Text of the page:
TOKYO (Reuters) - Private equity investor JC Flowers & Co will cut its stake in Japan’s Shinsei Bank (8303.T) to less than 4%, according to a filing by the lender, selling shares worth around $700 million nearly two decades after one of Japan’s first buyout deals.
The share sale will see the fund’s founder, J. Christopher Flowers, also sell down his personal stake in the lender, and exit the bank’s board, according to the filing.
Flowers and other investors will sell as many as 45.6 million shares, including an over-allotment, to domestic and overseas investors. That would bring the JC Flowers & Co holding from 21.4% to 3.8% of outstanding shares, including treasury stock.
The sale price has not been set, but the shares are worth around 74.2 billion yen ($700 million) as of Thursday’s closing price of 1,627 yen.
JC Flowers partnered with private equity firm Ripplewood to buy the failed Long-Term Credit Bank and relaunch it as Shinsei, or “new life,” in 2000, after it was saddled with massive bad loans following the collapse of Japan’s asset bubble.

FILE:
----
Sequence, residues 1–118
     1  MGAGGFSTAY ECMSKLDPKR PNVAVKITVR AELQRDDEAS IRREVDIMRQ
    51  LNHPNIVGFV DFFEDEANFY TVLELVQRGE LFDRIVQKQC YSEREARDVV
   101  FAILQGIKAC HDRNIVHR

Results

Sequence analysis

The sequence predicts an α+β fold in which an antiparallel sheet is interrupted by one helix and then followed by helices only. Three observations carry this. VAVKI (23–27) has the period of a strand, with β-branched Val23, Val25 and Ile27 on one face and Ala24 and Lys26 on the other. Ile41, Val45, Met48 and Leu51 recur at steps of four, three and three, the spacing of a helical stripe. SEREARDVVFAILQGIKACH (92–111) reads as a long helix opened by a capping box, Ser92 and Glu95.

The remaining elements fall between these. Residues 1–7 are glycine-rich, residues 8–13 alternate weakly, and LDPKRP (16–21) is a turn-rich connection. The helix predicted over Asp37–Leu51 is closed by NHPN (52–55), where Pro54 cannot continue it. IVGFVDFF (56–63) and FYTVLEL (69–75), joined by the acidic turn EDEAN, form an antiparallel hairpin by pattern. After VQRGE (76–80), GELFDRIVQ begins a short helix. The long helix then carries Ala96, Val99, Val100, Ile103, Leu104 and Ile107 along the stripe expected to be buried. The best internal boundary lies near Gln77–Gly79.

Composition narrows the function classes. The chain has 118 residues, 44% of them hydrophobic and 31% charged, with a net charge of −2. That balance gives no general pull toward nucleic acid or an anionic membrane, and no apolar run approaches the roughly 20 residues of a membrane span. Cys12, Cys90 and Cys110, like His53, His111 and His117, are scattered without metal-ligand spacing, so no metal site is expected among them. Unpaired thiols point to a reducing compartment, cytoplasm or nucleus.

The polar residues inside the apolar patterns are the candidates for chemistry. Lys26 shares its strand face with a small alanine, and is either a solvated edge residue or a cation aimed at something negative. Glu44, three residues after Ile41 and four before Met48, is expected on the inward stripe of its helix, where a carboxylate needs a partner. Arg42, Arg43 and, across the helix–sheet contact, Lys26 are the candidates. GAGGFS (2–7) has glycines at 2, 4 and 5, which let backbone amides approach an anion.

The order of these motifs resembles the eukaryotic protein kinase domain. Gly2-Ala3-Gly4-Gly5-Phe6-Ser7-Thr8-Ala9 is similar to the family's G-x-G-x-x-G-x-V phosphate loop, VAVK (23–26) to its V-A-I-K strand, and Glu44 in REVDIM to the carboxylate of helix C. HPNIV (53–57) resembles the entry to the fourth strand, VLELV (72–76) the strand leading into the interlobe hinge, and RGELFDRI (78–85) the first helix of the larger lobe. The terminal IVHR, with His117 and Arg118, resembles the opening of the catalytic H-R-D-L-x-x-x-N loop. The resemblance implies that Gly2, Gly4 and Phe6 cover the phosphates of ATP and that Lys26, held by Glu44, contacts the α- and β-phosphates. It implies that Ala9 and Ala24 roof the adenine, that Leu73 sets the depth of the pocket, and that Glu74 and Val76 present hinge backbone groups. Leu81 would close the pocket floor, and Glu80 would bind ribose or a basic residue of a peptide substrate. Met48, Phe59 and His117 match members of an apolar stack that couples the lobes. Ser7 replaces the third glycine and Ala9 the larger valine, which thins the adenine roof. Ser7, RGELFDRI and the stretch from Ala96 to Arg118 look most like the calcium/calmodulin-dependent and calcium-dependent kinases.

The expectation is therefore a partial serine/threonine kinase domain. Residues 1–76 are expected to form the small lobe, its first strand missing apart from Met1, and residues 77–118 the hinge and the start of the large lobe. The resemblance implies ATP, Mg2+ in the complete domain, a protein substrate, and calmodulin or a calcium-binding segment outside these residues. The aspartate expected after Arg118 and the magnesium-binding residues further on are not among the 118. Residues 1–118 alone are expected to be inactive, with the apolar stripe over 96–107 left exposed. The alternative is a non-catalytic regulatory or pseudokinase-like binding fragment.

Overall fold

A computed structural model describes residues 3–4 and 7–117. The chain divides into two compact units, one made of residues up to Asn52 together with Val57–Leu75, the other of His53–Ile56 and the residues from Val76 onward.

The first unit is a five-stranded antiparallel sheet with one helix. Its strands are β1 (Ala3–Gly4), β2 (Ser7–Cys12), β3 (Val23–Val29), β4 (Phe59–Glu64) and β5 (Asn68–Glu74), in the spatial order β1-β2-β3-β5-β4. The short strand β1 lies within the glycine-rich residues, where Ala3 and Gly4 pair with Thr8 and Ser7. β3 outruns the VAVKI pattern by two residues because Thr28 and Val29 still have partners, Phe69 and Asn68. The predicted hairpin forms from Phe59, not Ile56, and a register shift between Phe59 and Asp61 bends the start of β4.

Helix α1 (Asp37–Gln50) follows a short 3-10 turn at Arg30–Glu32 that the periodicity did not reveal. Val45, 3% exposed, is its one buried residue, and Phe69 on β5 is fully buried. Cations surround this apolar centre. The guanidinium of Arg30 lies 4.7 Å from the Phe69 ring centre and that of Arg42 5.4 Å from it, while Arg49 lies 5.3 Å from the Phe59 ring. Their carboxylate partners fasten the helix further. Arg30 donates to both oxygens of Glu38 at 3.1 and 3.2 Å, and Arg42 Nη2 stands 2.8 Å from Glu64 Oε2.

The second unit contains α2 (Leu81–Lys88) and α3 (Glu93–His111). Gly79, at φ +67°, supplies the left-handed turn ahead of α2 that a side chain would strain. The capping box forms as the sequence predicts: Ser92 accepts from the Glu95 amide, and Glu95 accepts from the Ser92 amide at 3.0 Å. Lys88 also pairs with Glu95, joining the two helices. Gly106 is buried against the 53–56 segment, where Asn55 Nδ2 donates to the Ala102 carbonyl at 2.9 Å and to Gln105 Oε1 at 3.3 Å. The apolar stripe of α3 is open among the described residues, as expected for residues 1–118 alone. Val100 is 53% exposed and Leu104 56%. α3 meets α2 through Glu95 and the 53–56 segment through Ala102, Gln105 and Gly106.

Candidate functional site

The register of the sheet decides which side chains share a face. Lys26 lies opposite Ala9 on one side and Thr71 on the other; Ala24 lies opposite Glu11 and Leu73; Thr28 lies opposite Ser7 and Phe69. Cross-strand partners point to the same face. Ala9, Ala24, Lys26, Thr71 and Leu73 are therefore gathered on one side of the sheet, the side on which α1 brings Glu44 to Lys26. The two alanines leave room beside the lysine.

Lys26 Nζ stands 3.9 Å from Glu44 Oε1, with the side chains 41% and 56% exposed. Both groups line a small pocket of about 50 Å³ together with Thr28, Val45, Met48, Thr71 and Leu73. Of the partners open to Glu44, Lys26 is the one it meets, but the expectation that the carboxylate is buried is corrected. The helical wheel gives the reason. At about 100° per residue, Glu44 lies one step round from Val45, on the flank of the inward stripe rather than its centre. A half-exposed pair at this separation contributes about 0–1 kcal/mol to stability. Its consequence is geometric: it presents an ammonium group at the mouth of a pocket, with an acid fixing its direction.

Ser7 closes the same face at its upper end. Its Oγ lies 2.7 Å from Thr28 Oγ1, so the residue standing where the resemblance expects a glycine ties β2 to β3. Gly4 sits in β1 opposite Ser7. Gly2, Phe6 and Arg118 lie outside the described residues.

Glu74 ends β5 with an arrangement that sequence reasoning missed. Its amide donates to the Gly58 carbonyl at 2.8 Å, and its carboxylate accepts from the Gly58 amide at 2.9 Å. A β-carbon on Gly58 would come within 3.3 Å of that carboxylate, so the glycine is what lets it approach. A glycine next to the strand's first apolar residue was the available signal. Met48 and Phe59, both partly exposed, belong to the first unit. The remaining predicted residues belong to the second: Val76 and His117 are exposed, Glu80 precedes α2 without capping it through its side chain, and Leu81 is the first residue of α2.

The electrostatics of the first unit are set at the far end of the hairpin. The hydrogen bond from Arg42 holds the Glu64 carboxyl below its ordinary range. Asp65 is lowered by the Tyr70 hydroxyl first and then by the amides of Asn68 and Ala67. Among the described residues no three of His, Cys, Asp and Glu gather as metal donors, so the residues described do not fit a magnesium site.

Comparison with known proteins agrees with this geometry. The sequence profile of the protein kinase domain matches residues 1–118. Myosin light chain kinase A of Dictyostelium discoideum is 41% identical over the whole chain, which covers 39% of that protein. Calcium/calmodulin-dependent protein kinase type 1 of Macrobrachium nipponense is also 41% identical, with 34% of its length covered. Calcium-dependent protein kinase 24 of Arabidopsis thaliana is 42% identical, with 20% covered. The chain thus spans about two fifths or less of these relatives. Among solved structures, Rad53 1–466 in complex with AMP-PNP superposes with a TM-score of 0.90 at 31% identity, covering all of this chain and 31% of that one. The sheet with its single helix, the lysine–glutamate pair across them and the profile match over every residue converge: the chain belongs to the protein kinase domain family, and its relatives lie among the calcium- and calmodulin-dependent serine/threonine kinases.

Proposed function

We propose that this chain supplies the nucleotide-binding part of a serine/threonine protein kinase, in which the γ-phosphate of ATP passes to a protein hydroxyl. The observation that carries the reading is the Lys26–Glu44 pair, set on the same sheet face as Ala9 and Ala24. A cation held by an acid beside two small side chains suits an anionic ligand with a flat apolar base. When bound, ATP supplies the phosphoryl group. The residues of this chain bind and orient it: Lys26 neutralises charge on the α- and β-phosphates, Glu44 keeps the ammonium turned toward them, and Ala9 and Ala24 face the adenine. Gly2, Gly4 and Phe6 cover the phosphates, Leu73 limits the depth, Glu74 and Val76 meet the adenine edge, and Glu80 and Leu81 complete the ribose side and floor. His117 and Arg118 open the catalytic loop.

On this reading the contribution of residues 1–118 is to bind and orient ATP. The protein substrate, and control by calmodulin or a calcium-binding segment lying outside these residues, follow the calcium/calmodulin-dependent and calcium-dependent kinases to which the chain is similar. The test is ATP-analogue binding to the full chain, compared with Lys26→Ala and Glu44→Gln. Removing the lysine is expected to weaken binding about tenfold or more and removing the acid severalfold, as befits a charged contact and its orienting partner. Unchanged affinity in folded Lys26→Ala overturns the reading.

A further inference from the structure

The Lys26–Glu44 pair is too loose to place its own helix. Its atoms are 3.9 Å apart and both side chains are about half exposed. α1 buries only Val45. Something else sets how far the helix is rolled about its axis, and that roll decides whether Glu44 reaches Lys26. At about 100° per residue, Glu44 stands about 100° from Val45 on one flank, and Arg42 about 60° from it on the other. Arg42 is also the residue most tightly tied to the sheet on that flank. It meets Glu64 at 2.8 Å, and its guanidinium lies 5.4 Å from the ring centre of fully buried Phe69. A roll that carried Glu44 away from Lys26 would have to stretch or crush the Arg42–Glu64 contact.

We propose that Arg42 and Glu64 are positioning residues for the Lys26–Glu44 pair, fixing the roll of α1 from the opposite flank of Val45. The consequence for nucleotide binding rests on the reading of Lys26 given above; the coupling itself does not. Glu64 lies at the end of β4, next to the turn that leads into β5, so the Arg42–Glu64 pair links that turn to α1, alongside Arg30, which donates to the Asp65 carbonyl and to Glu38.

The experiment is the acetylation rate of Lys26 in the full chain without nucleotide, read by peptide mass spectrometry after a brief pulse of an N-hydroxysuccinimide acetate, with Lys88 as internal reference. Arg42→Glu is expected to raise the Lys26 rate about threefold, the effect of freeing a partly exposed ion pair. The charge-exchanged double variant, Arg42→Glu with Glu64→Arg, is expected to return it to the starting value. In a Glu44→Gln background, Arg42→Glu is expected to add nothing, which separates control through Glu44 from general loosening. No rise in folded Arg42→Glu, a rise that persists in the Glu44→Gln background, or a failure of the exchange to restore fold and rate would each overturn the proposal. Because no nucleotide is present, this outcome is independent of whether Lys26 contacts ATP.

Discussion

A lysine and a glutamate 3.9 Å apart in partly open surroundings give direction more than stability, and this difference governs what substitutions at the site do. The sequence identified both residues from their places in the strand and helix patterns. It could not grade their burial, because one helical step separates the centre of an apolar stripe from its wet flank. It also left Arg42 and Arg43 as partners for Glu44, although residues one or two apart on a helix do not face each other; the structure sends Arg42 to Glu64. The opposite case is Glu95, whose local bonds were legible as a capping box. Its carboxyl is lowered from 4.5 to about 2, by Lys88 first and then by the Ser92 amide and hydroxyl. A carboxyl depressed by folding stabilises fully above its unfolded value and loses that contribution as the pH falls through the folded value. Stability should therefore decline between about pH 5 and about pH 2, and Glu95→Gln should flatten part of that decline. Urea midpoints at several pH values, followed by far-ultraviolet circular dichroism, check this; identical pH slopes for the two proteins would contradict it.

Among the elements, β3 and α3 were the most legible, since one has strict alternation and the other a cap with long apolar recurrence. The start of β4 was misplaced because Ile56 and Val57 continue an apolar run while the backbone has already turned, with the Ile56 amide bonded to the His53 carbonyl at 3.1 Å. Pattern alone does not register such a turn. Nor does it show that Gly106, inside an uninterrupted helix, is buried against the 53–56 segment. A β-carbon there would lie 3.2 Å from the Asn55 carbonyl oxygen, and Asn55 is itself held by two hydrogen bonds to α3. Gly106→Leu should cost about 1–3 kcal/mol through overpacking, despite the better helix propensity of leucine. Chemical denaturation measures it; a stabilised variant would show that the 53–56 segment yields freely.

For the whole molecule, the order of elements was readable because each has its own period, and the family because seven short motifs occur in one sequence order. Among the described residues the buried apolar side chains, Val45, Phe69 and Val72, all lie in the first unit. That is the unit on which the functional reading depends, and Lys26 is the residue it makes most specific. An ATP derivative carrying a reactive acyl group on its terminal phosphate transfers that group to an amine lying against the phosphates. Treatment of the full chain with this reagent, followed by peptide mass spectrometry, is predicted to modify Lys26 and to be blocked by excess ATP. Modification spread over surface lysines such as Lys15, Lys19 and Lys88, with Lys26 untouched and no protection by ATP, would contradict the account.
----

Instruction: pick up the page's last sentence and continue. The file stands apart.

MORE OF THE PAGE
That made it the first Japanese lender to be owned by foreign investors and a subsequent initial public offering in 2004 generated a huge profit for JC Flowers and Ripplewood.
When JC Flowers cuts its stake, the government, which had injected public funds into the bank in 1998 and 2000, will become its top shareholder.
The sale of shares will be handled by Bank of America Merrill Lynch (BAC.N), Citigroup Inc (C.N) and Nomura Holdings Inc (8604.T). The share price will be set between Aug. 20 and Aug. 23, the filing showed.
The news was announced after trading closed in Tokyo on Thursday, when Shinsei’s stock dipped 0.12% to 1,627 yen.
Reporting by Junko Fujita; Editing by Malcolm Foster, Muralikumar Anantharaman and Rashmi Aich